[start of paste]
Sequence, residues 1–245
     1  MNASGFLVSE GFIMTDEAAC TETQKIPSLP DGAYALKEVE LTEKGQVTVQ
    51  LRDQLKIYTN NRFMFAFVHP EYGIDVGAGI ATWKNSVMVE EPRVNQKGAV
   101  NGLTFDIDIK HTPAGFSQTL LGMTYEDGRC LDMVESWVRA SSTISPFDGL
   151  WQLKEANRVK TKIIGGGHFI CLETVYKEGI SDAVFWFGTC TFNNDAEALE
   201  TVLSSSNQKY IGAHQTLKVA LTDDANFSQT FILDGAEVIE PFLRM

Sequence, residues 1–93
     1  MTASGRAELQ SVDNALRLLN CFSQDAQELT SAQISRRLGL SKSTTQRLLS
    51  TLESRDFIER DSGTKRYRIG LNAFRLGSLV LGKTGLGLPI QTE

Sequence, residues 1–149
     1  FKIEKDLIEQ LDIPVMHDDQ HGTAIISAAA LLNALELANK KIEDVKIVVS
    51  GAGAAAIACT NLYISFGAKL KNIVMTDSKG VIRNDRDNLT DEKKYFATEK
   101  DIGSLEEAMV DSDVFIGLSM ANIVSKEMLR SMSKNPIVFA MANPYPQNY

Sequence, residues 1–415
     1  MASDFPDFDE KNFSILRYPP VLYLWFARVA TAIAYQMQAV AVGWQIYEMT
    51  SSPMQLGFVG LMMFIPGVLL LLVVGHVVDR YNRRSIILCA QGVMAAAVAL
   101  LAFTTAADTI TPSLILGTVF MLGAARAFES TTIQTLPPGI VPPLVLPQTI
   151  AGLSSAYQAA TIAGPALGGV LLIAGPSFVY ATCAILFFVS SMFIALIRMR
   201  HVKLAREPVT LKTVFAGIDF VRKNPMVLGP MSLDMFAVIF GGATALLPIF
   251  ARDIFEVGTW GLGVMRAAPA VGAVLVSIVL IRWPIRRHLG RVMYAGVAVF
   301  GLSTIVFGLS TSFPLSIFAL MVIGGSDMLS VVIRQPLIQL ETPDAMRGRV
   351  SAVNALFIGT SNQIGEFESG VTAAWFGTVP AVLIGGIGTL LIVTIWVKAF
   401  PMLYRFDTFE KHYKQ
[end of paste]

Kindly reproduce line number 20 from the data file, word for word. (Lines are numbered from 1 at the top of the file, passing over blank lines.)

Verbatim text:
   251  ARDIFEVGTW GLGVMRAAPA VGAVLVSIVL IRWPIRRHLG RVMYAGVAVF